Fr. James' Letters

April 24, 2022

Dear Parishioners,

I was struck by words from Trappist writer Raymond Flanagan I recently read:

"In April we may pick beautiful blossoms, but for mellow fruit we have to wait. It is always late August, early September, and sometimes even October, before the delicate white blossom that scented the breeze of April becomes a luscious apple. So, too, with [our] love. It [is] beautiful [now], as beautiful as any spring blossom and as delicately scented; but it [is] not yet the grand, full-blooded, redhearted, passionate love of a man. God works slowly, but He works exceptionally well.”

Having plowed through Lent and enjoyed a beautiful Easter Sunday, we can feel like our faith is alive and our love afire for Jesus Christ. Those purple veils that covered the beautiful statues in our church beginning the 5th Sunday of Lent are removed. Similarly, the veils on our hearts have fallen, and we gaze on the lovely face of Jesus Christ and his mother (and Saint John and Saint Joseph).

While all that is true, and our love for God is strong and burning currently, this is just the beginning. The blossom has bloomed, yes, but the fruit is still to be born. Lent may be over, but we need not necessarily relax our spiritual exercises and disciplines. In fact, we should maintain them. Ok, maybe not the penitential ones (beer is back on my menu again), but the fruitful ones, like daily Mass, extra time in prayer, spiritual reading, and so forth. That will ensure we bear fruit throughout the summer and into the fall.

I’m always struck by how quickly the Easter lilies die. They are beautiful and a fitting adornment around our beautiful sanctuary for the Resurrection, but those white petals, by the second or third week of Easter, are usually gone and the green stems are all that remain. Easter lilies are not like the red poinsettias at Christmas that seem indestructible as long as you water them. I think Father Nick is still nursing some poinsettias from four months back, and my ashing a cigar into them doesn’t seem to bother them either.

Yes, the delicate white blossom of our love for Jesus will wilt. Maybe it’s already wilted by this second Sunday of Easter. But the real fruit is still to be born. Don’t be deceived that the “game is over” with Easter and you can “go back to normal” when the flower petals fall off. That is precisely when we need to continue cultivating our spiritual lives. That’s when our love becomes, as Flanagan writes, “grand, full-blooded, redhearted, passionate.”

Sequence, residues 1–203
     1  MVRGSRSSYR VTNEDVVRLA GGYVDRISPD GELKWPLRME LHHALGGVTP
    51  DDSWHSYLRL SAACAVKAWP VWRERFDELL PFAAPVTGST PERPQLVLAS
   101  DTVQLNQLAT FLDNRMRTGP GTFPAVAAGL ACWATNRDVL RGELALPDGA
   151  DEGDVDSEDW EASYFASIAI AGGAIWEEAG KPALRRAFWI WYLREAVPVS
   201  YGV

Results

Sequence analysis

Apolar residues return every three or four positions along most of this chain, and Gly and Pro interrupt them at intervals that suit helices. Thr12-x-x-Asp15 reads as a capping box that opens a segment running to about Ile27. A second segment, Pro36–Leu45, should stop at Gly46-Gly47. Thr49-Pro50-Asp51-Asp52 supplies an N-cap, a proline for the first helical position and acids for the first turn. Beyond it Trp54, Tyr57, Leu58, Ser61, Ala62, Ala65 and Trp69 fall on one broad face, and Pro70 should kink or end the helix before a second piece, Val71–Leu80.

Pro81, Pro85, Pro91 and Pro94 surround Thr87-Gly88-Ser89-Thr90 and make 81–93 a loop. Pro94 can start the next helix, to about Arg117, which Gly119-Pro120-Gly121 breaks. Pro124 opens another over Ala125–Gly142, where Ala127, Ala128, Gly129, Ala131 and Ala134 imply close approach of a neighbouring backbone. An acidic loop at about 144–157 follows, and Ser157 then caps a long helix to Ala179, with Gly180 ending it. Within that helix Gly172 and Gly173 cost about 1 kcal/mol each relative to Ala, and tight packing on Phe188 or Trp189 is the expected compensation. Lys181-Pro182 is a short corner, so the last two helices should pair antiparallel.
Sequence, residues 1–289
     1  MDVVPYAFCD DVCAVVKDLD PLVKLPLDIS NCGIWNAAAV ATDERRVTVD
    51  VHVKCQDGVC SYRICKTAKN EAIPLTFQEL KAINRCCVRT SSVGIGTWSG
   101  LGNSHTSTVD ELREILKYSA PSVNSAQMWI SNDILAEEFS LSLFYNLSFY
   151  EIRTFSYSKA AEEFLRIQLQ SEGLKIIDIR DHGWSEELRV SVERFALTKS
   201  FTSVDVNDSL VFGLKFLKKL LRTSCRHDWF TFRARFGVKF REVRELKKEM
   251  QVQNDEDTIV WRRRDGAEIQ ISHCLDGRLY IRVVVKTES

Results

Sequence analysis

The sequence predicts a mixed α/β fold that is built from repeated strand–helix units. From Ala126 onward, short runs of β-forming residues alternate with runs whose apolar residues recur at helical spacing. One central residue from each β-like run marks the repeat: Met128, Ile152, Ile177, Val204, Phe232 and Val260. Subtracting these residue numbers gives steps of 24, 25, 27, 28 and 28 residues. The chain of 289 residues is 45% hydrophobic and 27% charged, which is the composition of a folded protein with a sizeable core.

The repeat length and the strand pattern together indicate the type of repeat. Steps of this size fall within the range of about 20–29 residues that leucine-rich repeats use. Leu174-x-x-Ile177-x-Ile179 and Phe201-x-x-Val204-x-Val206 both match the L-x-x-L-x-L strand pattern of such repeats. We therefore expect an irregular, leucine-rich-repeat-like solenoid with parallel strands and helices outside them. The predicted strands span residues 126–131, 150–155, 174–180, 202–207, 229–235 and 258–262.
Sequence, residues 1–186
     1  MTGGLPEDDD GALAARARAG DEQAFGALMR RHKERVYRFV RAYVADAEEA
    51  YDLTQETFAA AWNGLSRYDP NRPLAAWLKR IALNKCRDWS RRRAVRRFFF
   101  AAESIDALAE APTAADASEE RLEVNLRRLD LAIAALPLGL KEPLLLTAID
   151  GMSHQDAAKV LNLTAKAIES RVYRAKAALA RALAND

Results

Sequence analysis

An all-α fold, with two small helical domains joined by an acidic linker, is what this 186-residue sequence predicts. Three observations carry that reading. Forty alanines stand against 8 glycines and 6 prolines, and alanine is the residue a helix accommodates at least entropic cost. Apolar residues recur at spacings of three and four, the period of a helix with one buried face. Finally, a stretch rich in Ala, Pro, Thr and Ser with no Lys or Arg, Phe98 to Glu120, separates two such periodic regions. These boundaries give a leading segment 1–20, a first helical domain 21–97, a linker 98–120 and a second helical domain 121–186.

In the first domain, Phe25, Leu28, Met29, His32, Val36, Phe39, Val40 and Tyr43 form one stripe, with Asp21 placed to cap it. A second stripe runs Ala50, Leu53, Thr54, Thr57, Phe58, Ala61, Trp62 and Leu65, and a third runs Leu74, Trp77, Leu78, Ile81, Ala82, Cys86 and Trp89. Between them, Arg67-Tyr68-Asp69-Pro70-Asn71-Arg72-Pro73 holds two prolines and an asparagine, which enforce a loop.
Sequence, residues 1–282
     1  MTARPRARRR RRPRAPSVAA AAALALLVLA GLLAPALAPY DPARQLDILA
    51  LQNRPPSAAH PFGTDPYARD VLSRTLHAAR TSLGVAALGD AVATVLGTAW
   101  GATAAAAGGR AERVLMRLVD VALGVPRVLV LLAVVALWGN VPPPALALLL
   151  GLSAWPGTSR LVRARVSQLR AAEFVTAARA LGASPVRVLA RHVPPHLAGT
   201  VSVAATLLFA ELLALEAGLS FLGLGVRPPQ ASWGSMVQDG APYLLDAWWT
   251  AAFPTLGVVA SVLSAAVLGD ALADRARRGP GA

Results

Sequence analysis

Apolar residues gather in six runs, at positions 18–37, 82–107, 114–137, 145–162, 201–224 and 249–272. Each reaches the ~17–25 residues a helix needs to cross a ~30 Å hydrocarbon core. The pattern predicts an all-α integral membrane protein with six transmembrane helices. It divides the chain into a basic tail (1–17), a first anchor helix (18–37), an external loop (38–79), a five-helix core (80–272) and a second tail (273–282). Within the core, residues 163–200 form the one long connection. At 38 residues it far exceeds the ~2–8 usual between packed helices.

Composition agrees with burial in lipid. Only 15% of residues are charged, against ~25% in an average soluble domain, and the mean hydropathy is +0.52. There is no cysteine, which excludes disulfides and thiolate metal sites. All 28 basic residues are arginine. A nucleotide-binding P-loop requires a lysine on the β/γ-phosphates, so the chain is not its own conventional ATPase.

Saint Thomas is the perfect example of this. He wasn’t lost on the second Sunday of Easter, nor was he at his peak. He was just beginning his new life, a life that would lead to his sainthood. 

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I’m pleased to announce this Wednesday at 7:30pm will be the inaugural “Walking with Purpose” new Women’s Bible study group. Seeing the success of the “That Man is You” men’s spiritual group that meets Monday nights (you can still show up, gentlemen, if you haven’t been yet), a group of ladies here in the parish are starting something similar for women. This is an opportunity to delve more into scripture and also to share and have a support group. Please consider attending to learn more.

As you recall, we brought 11 new members into the Catholic Church at the Easter Vigil last week. While RCIA is formally concluded for the year, our newest Catholics will gather for dinner in the Kinane Center on Friday evening with Beshar Behjat, our RCIA coordinator, to share and celebrate. Please continue to keep these Catholics in your prayers (this time after Easter is called “Mystagogia” for them) and encourage others to join the faith next year.

Welcome back SPC teachers and students. We hope you had a nice spring break. The SPC School daddy-daughter dance is this Saturday evening.

A reminder that we will still have our Monday Evening of Prayer, with Eucharistic Adoration, confessions, a talk on prayer, and Benediction.

Thank you Clara Kuhlman for her wonderful drawing on our front cover. See page 6 of our buletin about how you can submit your own artwork for our bulletin cover. This is another opportunity for parishioners to give their gifts to one another to the glory of God.

Your servant in Christ,

Who is Fr. James?

Father James Wallace grew up in Winnetka, Illinois and attended Sts. Faith Hope and Charity grammar school, New Trier High School, and then The George Washington University in Washington DC, where he earned his undergraduate degree in Political Science in 2007. He attended seminary at The Pontifical North American College in Rome and was ordained a priest in 2012 for the Archdiocese of Chicago. In addition to being the pastor of Saint Paul of the Cross Parish, he serves as a canon lawyer for the Archdiocese, a dean in Vicariate II, and a professor of canon law and spiritual director at Mundelein Seminary. He is also one of the featured Mercy Home Sunday Mass celebrants, airing Sundays at 9:30am on WGN.

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Contact Information

St. Paul of the Cross

320 South Washington Street
Park Ridge, IL 60068


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Phone: (847) 825-7605

Mass Schedule

UC = Upper Church

HFC = Holy Family Chapel

Monday - Friday

6:25 am (UC)

8:30 am (UC)

Saturday

8:30 am (UC) - weekday Mass

4:30 pm (UC and HFC) - vigil

Sunday

7:30 am (UC)

9:00 am (UC)

10:30 am (UC and HFC)

12:00 pm (UC)